Even with the best explanation, it is difficult to know if your vision of a design is what the designer is proposing for a product or app. If you wait to view and interact with the finished product until the project is built, you lose valuable time and money when inevitably something needs to change. App design prototyping is the solution to this creative process, bridging the gap between idea and finished product.
Whatever industry you are in, or whatever you are building — be it a website, a mobile app, or email templates — prototyping lets you create a functioning model that approximates what the end product will be like.
A prototype is a preliminary model of the application concept to showcase key workflows and features to gain stakeholder consensus and approval.
At this stage, you can work out any issues with how the product functions, how users interact with it, and how well the vision of the stakeholders is met by the vision of the designer. Making changes at this stage of the game can happen swiftly, and without losing much time, avoiding the costly error of last-stage changes that can tank budgets and delay product launch timelines.
App design prototypes come in a variety of forms, from a lo-fi, back-of-the-napkin sketch by hand to a hi-fi clickable user interface through the use of tools such as Figma, Sketch, InVision or even a front-end website build-out.
Lo-fi prototypes are best in the early stages when understanding and agreeing about how the product will function.
Hi-fi prototypes become more necessary to communicate the design, look and feel of the product. Many hi-fi app design options also allow for user interaction including clickable features, so they are great for user testing as they provide a near-realistic experience that presents like a finished product.
While you can get away with not having a prototype, having one offers the dual function of providing a method to get alignment from stakeholders on the goals of the project and to test your minimum viable product (or MVP) with real users, integrating feedback and observations into the ultimate design.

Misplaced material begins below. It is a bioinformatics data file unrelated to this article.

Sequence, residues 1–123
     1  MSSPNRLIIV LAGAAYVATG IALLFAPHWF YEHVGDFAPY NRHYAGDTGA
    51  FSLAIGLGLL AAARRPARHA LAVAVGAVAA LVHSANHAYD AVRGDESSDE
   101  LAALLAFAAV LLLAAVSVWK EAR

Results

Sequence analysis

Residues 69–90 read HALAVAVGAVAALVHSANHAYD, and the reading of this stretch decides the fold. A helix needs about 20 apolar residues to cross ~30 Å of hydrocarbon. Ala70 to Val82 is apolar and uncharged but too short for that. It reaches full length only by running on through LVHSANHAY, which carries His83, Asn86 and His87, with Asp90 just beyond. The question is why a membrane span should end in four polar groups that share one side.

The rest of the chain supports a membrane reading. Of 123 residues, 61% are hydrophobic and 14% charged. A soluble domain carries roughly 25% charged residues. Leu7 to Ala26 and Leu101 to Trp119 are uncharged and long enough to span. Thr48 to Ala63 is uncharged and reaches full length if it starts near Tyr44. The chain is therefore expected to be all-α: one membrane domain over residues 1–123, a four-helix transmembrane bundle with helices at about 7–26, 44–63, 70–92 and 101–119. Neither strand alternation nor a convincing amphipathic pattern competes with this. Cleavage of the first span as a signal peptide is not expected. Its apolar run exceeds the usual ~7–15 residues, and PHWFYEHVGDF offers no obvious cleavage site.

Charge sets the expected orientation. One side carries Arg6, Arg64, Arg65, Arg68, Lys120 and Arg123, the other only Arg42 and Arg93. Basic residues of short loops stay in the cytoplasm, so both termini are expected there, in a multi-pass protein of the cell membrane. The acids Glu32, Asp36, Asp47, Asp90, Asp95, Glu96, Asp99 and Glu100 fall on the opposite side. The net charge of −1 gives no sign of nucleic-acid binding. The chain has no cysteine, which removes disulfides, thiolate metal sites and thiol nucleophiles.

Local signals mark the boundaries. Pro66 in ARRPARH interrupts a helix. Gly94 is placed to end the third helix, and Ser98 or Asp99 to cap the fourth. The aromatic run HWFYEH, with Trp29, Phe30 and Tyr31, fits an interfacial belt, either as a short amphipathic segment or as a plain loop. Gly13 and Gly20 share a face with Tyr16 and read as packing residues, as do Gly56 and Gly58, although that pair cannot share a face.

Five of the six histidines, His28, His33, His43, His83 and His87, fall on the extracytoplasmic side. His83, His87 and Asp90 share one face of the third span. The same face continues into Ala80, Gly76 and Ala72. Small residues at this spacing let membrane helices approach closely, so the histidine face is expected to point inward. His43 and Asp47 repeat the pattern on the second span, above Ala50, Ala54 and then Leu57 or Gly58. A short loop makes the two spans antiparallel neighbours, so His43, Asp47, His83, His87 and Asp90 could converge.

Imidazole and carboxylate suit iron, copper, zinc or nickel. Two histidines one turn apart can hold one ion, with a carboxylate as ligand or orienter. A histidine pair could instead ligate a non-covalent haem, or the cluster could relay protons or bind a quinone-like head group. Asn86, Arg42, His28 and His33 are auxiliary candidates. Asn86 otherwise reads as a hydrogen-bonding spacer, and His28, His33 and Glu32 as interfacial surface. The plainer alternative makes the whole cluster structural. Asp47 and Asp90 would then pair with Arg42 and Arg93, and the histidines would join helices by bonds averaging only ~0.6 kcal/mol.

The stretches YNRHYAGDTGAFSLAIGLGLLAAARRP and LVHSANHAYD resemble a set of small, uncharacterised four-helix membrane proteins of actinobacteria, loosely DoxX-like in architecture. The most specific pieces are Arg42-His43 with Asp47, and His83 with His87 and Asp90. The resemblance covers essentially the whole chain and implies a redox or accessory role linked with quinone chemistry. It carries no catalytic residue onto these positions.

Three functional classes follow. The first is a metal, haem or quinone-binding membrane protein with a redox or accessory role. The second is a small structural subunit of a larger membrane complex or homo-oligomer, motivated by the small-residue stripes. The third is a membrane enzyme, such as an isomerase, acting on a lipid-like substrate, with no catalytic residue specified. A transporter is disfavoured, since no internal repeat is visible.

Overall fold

An app prototype helps a designer communicate their vision — which is backed in UX principles as well as aesthetics — to the rest of the team and to the client.
It is important that clients and designers know they are on the same page about the wants, needs, and vision of a project, but knowing how the user will interact and respond to it is a whole other layer to the design process. For this case, prototyping is an integral part of the design thinking and user experience process.
When users or clients can interact with a model of the product you can integrate feedback and solve problems at the research stage, before the major build has been done. Getting user feedback at this stage allows for an iterative process that results in a product that works better with a lower cost of production since learning is concentrated at the earlier phases before the largest time investments occur.
Because little effort or investments have gone into building out the product at this stage, changes are much easier and cheaper to make at a prototype level. This enables the team to reach its project goals more quickly, ensuring the product they’re building solves the right problem in the right way.
It’s much easier for a potential investor to understand a product when they’re able to physically interact with it and see a working model. This brings a concept to life. While designers may have no problem imagining a concept in its final state, the average person may have trouble picturing exactly how everything works and looks.
You’re more likely to sell someone on your product or your idea if they are given the chance to see that product or idea in action, and an app prototype is just the ticket.
Through all of the design, development and iterations, the goal is to provide the best possible product. By skipping the prototyping step, you run the risk of producing an app that deviates from the original design, without clear user-experience reasonings. You also run the risk of racking up hours and dollars fixing problems that could’ve been addressed before the development phase.
It may seem like a tedious, extra step, but more work upfront can save you a lot of hurt down the road.
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